Astroworld lawsuits pour in as criminal investigation continues


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(NewsNation Now) — More than 20 lawsuits have been filed accusing Astroworld organizers of failing to take simple crowd-control steps or staff properly after a dangerous crowd surge left eight people dead and injured hundreds of others during a Travis Scott concert.

Among those named in civil lawsuits include concert promoter Live Nation, performer Drake and event headliner and founder Scott.

An attorney representing the family of one of the eight people killed, 21-year-old Axel Acosta, said the deaths are a clear failure of security and crowd control.

“Does that look organized? Well run?” said Tony Buzbee. “Does that look like somebody took the time, effort, energy to properly plan a concert to keep the individuals who pay their money and attend safe? Or does that look like utter chaos?”

Authorities have said part of their investigation will include reviewing whether the concert promoter and others behind the festival adhered to the plans submitted.

“In any situation where large groups of people are gathering, there is the potential for a civil disturbance/riot that can present a grave risk to the safety and security of employees and guests,” the plan said. “The key in properly dealing with this type of scenario is proper management of the crowd from the minute the doors open. Crowd management techniques will be employed to identify potentially dangerous crowd behavior in its early stages in an effort to prevent a civil disturbance/riot.”

Legal experts say criminal charges are also possible. The concert area in Houston where a crush of fans had pressed forward during the Friday night performance remains largely in place as authorities continue a criminal investigation.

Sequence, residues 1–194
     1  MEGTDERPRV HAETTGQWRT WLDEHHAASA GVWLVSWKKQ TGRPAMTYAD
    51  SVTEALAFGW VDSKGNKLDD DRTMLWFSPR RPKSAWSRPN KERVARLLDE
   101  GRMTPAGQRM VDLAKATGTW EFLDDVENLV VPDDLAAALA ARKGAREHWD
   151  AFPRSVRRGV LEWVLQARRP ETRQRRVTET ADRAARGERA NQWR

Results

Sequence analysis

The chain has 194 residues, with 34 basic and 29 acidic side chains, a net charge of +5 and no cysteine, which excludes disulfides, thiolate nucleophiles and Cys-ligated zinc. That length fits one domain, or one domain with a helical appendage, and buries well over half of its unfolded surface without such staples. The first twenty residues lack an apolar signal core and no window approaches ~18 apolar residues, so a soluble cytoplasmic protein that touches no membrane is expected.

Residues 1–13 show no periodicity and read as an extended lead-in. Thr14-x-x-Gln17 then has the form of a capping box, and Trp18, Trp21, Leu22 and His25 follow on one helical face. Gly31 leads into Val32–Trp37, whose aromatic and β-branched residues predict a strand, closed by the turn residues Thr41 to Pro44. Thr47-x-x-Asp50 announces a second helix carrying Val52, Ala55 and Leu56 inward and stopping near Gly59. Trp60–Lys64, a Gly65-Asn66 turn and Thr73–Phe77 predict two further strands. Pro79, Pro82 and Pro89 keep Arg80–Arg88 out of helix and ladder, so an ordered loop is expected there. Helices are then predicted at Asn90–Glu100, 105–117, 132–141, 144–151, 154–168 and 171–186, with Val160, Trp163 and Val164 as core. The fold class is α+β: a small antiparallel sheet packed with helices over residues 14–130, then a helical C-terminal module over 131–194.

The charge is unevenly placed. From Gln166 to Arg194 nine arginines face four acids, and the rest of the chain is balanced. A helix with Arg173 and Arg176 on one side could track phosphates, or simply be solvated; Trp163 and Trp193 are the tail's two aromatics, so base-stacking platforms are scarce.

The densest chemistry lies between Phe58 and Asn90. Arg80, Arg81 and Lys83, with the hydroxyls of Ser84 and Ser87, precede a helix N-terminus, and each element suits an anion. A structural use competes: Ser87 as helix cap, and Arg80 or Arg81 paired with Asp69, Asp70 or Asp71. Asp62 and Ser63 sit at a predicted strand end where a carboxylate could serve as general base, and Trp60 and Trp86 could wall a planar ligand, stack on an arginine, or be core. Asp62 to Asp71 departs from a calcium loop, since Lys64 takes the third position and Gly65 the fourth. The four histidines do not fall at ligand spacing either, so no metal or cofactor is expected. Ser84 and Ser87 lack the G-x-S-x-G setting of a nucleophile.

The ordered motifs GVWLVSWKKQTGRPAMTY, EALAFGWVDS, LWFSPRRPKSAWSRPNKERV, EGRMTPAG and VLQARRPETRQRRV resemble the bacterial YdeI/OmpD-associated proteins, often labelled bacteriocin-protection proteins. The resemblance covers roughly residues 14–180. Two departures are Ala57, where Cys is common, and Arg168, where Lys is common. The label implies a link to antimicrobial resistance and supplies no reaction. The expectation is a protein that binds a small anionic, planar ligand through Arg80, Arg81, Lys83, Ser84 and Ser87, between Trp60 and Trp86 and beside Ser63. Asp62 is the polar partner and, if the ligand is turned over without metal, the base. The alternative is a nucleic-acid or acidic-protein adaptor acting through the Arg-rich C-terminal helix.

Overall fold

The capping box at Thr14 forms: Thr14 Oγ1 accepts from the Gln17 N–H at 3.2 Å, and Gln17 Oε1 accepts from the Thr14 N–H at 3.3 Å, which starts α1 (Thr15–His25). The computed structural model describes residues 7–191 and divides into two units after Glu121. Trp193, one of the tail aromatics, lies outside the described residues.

A 56-page event operations plan for the Astroworld music festival included protocols for dangerous scenarios including an active shooter, bomb or terrorist threats and severe weather. But it did not include information on what to do in the event of a crowd surge.

The burden of proof is high for criminal liability. But one thing prosecutors will be looking at is why Scott continued to perform for nearly 40 minutes after authorities declared it a “mass casualty event.”

Scott did pause at one point, pointing to an ambulance in the crowd. But after asking people if they were OK by hoisting a middle finger in the air, he kept going. Afterward, Scott said he didn’t understand the severity of the situation.

“Anytime I can make out you know anything that’s going on, you know, stop the show and you know help them get the help they need,” Scott said in an Instagram video.

Drake issued his first statement on the tragedy on Tuesday, saying:

I’ve spent the past few days trying to wrap my mind around this devastating tragedy. I hate resorting to this platform to express an emotion as delicate as grief but this is where I find myself. My heart is broken for the families and friends of those who lost their lives and for anyone who is suffering. I will continue to pray for all of them, and will be of service in any way I can, May God be with you all.


Houston Police Chief Troy Finner has defended how long it took for the concert to be called off after the first signs of trouble. The police chief said his department immediately notified concert organizers after noticing that attendees were “going down.”

Attorneys representing those injured or killed during the festival were granted access to the event’s grounds on Tuesday to inspect and photograph the site. Ryan MacLeod, who is representing several people hurt during the concert, said the area around where Scott had his concert seemed to have no place for people to exit once they went in.

Scott said he would cover funeral costs for the victims. The dead ranged in age from 14 to 27 and came from Texas, Illinois and Washington state, according to Harris County authorities. They included high schoolers, an aspiring Border Patrol agent and a computer science student.

You can read the full Astroworld 2021 event operations plan below:

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